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Dana Farber Team Applies PCR Method to ID Microsatellite Instability in Tumor-Derived Samples


NEW YORK — Researchers at the Dana-Farber Cancer Institute have developed a PCR technique called "inter-Alu-PCR" that, in combination with targeted sequencing and a custom algorithm, they believe can detect microsatellite instability (MSI) in colorectal cancer patients' blood samples.

The group initially aims to use the PCR-based method to monitor for minimal residual disease (MRD) in late-stage cancer patients after surgery.

Oncologists typically identify MSI through the presence of one to five National Cancer Institute-designated biomarkers in a patient's tumor tissue. If one of the biomarkers in the patient's tumor DNA has been mutated, the tumor is classified as "MSI-Low" (MSI-L). If two or more biomarkers have been mutated, then the tumor is termed "MSI-High" (MSI-H).

"Those standard markers have been very good and reliable to detect colorectal cancer, if you have the MSI-H phenotype," Mike Makrigiorgos, professor of radiation oncology at the DFCI and Harvard Medical School, explained. "Groups have done multiplex PCR and capillary electrophoresis, which works very nicely on tumors as long as MSI is not at lower levels."

His team therefore wanted to develop a method that combined the speed of PCR and breadth of next-generation sequencing (NGS) to rapidly identify indels that are typical for MSI-H tumors in other cancer types besides colon cancer.

"With NGS, you can survey thousands of microsatellites at the same time and obtain a global view of the indels in the genome," Makrigiorgos said. "NGS allows for high sensitivity, as you can score many targets at the same time by [making] the targets bigger, which help inform you [as] you look at a few nanograms of DNA."

The group's new method, inter-Alu-PCR, begins by extracting DNA from a patient's blood sample using modified primers that capture Alu poly-A tails with amplicons generated from adjacent Alu elements. Makrigiorgos explained that the method uses Alu elements because they have been linked to several inherited human diseases and various cancer types.

Sequencing libraries are then prepared using the amplified products via index PCR, followed by targeted NGS sequencing. The data is then subjected to an algorithm called "MSI-Tracer" that identifies MSI-caused indels at low tumor purities in the sample.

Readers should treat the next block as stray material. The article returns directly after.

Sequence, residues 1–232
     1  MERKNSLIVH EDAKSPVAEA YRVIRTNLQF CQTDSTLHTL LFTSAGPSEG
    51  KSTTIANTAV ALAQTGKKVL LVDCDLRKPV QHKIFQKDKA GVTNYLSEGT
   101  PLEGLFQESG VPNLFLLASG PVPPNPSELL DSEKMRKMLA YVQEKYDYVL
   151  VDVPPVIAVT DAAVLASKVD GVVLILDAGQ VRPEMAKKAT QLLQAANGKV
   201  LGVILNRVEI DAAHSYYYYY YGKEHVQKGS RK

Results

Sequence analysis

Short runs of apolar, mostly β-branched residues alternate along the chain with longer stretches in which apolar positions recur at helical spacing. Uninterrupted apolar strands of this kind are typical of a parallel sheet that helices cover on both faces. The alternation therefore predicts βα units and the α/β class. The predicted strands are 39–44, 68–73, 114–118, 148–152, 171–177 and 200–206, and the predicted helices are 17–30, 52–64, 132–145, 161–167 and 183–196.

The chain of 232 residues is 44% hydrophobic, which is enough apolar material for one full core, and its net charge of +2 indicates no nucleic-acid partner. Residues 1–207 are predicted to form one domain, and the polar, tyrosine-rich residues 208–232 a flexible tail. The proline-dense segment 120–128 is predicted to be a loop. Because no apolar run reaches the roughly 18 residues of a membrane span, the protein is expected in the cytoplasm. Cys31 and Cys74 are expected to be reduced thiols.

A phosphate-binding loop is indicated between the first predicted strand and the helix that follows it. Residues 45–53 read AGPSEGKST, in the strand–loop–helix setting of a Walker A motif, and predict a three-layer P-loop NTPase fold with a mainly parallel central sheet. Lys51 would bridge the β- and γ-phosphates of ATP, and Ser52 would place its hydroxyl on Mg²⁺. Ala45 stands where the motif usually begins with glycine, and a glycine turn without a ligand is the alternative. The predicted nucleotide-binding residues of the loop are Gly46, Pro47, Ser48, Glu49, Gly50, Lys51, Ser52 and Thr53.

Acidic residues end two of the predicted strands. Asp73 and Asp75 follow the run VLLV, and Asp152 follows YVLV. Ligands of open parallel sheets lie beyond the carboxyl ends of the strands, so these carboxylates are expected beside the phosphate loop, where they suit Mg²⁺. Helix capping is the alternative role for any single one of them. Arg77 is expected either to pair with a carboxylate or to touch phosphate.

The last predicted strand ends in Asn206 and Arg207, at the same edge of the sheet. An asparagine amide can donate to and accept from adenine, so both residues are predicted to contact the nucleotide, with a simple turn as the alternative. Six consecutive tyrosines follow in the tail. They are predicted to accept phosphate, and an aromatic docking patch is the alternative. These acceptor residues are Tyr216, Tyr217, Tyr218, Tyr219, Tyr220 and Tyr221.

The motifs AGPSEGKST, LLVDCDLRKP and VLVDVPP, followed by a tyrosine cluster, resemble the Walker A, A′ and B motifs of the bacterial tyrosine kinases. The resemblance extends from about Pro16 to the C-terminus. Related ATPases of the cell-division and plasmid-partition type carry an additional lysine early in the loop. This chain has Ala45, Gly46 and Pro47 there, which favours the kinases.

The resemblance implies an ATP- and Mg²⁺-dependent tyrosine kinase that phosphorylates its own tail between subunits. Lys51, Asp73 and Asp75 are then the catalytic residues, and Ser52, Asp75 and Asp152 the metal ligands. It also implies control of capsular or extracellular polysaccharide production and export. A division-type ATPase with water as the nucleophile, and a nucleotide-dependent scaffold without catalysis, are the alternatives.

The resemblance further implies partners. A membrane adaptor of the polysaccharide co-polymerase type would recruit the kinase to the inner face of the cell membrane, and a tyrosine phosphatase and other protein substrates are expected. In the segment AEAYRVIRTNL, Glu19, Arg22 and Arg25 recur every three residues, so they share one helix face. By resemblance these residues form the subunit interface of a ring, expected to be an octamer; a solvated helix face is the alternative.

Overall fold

"We estimate that you'd need a finger prick of blood, which would provide at least 100 picograms of circulating DNA for inter-Alu-PCR," Makrigiorgos said. "You only need to survey about 1,000 Alu elements, containing thousands of microsatellite [locations], to identify the MSI-H phenotype if it's in the blood sample." 

After sample collection, inter-Alu-PCR requires about two to three hours before overnight sequencing on Illumina's MiSeq instrument to establish a patient's MSI-status, Makrigiorgos said.

In a proof-of-concept study published last month in Nucleic Acids Research, Makrigiorgos and his colleagues demonstrated Inter-Alu-PCR's feasibility on cancer tissue and liquid biopsy samples.  

Makrigiorgos' team first analyzed the MSI status of inter-Alu-PCR-captured microsatellites by evaluating tissue biopsy-derived DNA from colon cancer patients and matched normal samples. After characterizing the patients' MSI status, the researchers sequenced the inter-Alu-PCR products and compared the data using MSIsensor and MSI-Tracer algorithms.   

Overall, the data indicated that combining inter-Alu-PCR with NGS could accurately identify MSI status using ultra-low-pass sequencing without the need for matched normal tissues.

The group then used inter-Alu-PCR on samples with pre-defined MSI status in colon adenocarcinoma, corpus endometrial carcinoma, and stomach adenocarcinoma. By extracting inter-Alu regions from whole-genome sequencing data, the team spotted cases of clustering in all MSI-H and microsatellite stable (MSS) patients.